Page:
Zoning Laws in Texas

Austin, Dallas, and Houston, the three most recognizable cities in Texas, all a part of the “Proud Texan” heritage but after that, the similarities seem to end. You can search all day and find people arguing over which city you should live in, sometimes people even throw in San Antonio (technically the second largest city in Texas), but all over the internet, you’ll see the same old arguments for each city. HomeCity is unique in that we specialize in real estate for both Austin & Dallas, and while you may find some of us arguing the finer points of Cosmopolitan vs. Community the one thing we both seem to agree on is that Houston has completely forgotten is zoning. While Houston may have abandoned zoning almost completely, Austin and Dallas have taken two very unique paths when it comes to your land use rights.

Essentially Zoning is the way a city sets up its land-use directives while telling the owners of the land what they can and cannot establish regarding buildings, offices, or businesses. The small Texas town of West brought zoning into our minds in early 2013 when a fertilizer plant exploded less than 100 feet from a housing edition and middle school, a tragedy easily prevented by stricter zoning regulations. But how exactly does zoning affect our daily lives and how are the differences between Austin and Dallas affecting the residential growth of each city?

First, it’s important to start with the basics of zoning; both cities have departments within our government known as the Planning, Zoning and Development departments. Both cities (Dallas / Austin) offer surprisingly easy to navigate websites with links to helpful applications and FAQ’s that are well organized and almost complete. Each city takes their own convoluted way to help you navigate the intricacies that go along with zoning or rezoning any land you may own.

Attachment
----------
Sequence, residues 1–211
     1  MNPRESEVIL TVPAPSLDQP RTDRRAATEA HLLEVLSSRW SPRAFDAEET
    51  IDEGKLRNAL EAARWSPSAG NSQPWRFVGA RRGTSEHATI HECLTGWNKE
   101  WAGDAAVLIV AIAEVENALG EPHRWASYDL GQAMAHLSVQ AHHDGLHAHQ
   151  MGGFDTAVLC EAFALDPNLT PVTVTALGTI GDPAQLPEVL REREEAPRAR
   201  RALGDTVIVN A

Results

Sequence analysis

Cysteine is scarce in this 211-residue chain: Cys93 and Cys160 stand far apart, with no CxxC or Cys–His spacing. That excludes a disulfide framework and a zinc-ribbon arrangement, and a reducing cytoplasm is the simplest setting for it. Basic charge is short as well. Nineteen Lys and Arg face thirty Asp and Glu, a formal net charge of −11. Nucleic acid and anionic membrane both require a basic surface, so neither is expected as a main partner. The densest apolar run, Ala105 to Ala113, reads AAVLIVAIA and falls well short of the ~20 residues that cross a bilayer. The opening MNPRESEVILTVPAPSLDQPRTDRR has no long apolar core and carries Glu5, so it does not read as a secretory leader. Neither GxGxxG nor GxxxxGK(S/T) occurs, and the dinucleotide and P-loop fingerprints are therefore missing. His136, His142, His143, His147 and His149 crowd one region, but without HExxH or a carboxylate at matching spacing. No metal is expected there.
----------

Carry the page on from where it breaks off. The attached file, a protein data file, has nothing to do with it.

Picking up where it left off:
“Don’t get me wrong, the city of Dallas is making strides to implement more green development, but when it comes to getting the zoning permits, it can be hell,” said one Dallas City Hall employee who wished to remain nameless for this article. “It’s ridiculous really, you own this land, you want to put a community garden on it but after eight months of planning and waiting and filing paperwork, the city denies your permit and says you don’t meet zoning requirements, and it’s up to you to figure out why.”

If you plan to rezone your property in Dallas, the first thing you need to do is check the schedule. If this looks a little confusing, it’s because it absolutely is. You’ll also notice that the staff can just deny to accept you on the two days each month when you can submit for pretty much any reason “the complexity of the case, the staffing levels, etc.” The wait isn’t exactly easy either. Let’s say you submitted your paperwork on 6/13/16 and everything, absolutely everything, was in order; you won’t get your final decision until three months later and again this schedule can and does change depending on how many cases are in front of you.

Austin isn’t much better, the zoning and land use rights there are also a bit murky. Though they do not have the same stringent schedule or color coded bureaucracy, there is a very explanatory 19-page document that you can download to see that a decision will take around 4-7 weeks depending on case load. They do however assign you a case manager, or you can visit clerical staff Monday through Friday from 9 am to 12 pm (they do encourage you to make an appointment as well).